How does a UX project work?

Klingit’s Design Basics series explains common concepts in the world of design. This article examines implementing a UX project and what is essential to think about before starting such a project.

Jonas Hammargren Avatar



4 min read

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A clear product strategy, including product objectives, is an important starting point for any successful UX project in a larger company. There are questions to be asked, like, what do we want the product to achieve, and how do we plan to accomplish this for the intended target audience? An alternative to this formula is a more complex way of working where you constantly test components, evaluating against different options to see what works best.

Working with UX (User Experience) from an analytical starting point, the measurement of the user’s interaction with the website or mobile application continues regularly to identify the weakest link in a user’s journey. Analytical tools such as Google Analytics and heatmaps, plus recording tools such as Hotjar, are ongoing. In addition, you can supplement the quantitative part of UX research with qualitative elements such as user interviews, or user tests where interacting with the service can be observed.

Agile methodologies have become increasingly popular over the years as technological development and method development have made the work faster and cheaper – a prerequisite for spending less time on initial planning. However, when working with this method, you often notice that what you expected, the hypothesis rarely matches the reality.

Below we go through five phases in a UX project, from start-up until the finished UX design is handed over to a graphic designer or a development department for implementation.

Identify goals and conversion points

The primary starting point for UX design is clearly defined objectives for the service’s website or mobile app. We answer questions like what is the purpose of the service and what do we want the user to do when they interact with the service? Based on the objectives, it is good to define clear conversion points for the user in this phase. Although the ultimate goal for a commercial company is for customers to buy something, this is only sometimes the goal of the individual service.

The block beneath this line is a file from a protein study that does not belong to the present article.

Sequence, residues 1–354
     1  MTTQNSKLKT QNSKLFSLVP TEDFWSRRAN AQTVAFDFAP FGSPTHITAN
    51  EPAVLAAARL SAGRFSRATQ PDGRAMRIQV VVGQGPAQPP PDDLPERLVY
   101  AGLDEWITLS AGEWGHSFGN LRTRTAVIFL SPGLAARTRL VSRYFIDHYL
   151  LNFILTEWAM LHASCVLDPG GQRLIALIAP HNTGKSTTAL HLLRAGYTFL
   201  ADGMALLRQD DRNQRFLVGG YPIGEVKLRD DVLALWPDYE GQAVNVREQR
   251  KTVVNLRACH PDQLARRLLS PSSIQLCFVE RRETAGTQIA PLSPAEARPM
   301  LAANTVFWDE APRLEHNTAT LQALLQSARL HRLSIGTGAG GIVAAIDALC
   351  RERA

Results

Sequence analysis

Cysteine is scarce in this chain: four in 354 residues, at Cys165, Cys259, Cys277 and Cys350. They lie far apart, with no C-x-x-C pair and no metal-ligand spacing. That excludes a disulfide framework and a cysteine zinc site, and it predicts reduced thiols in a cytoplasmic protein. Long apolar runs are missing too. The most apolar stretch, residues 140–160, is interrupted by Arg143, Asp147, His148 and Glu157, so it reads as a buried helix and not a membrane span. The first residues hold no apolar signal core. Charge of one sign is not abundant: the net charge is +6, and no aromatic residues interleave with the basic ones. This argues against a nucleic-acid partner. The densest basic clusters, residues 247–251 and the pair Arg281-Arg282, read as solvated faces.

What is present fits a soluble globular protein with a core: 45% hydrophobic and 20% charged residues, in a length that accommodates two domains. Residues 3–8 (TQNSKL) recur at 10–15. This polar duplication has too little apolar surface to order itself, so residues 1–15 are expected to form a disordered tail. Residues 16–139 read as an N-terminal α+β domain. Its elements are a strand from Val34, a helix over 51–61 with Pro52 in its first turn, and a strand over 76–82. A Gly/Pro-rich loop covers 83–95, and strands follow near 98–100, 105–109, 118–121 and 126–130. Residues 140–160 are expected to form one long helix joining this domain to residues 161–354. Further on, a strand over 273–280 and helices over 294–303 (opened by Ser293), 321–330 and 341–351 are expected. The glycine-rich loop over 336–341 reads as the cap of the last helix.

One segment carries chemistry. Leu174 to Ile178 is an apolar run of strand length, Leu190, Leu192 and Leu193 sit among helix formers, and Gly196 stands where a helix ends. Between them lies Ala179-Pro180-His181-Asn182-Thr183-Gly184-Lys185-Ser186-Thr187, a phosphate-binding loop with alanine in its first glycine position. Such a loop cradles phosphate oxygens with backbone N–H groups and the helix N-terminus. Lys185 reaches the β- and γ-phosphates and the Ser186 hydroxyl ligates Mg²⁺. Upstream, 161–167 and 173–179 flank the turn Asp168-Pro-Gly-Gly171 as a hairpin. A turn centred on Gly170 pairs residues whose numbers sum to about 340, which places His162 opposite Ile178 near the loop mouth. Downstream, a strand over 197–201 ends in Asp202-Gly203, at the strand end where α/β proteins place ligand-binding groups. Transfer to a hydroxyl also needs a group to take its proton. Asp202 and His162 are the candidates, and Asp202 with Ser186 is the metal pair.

Complete list of use cases

Use cases are usually defined based on the overall objectives. These are user intentions in cooperation with the service and can, for example, be expressed as “register account”, “log in”, “buy product x”, or “close account”. Typically, you discuss these use cases in a workshop before starting the UX project and try to create as exhaustive a list as possible.

Prioritise use cases by scoping

Based on the list of use cases produced, prioritisation is typically required. For example, how much user or commercial benefit you judge a specific use case to have versus how much cost and/or complexity you estimate for development. By doing this, you get a clear list of prioritised use cases that will provide the most benefit for the lowest estimated investment.

Create user journeys

For each prioritised use case, you can create a user journey to define how the use case is carried out from start to finish, step by step. The user journey constitutes the first visualisation of an imagined flow, albeit at a high level. It must contain a starting point, all the main steps in the interaction between the service and the user, and the endpoint or conversion. These then form the basis for starting the actual design work.

UX design

Based on the user journey, what is usually called a LOFI is then created. This is a low-fidelity version of a user flow or mockup. These do not focus on colour and shape but on describing the functions needed with their relative placement in different interfaces and the considerations required during the process. Usually, this version undergoes fine-tuning before continuing with the next step, applying a HIFI (high-fidelity) design. Completing this step, you have the fully designed version of the UX flow, which goes to the development department for implementation.

In implementing the new UX, many fail to follow up on how successful the change has been in implementing the original objectives. That is a shame because today, many tools are available to help you do just that. These include Google Analytics for web analytics and conversion tracking and Hotjar for heatmaps and user session recording.

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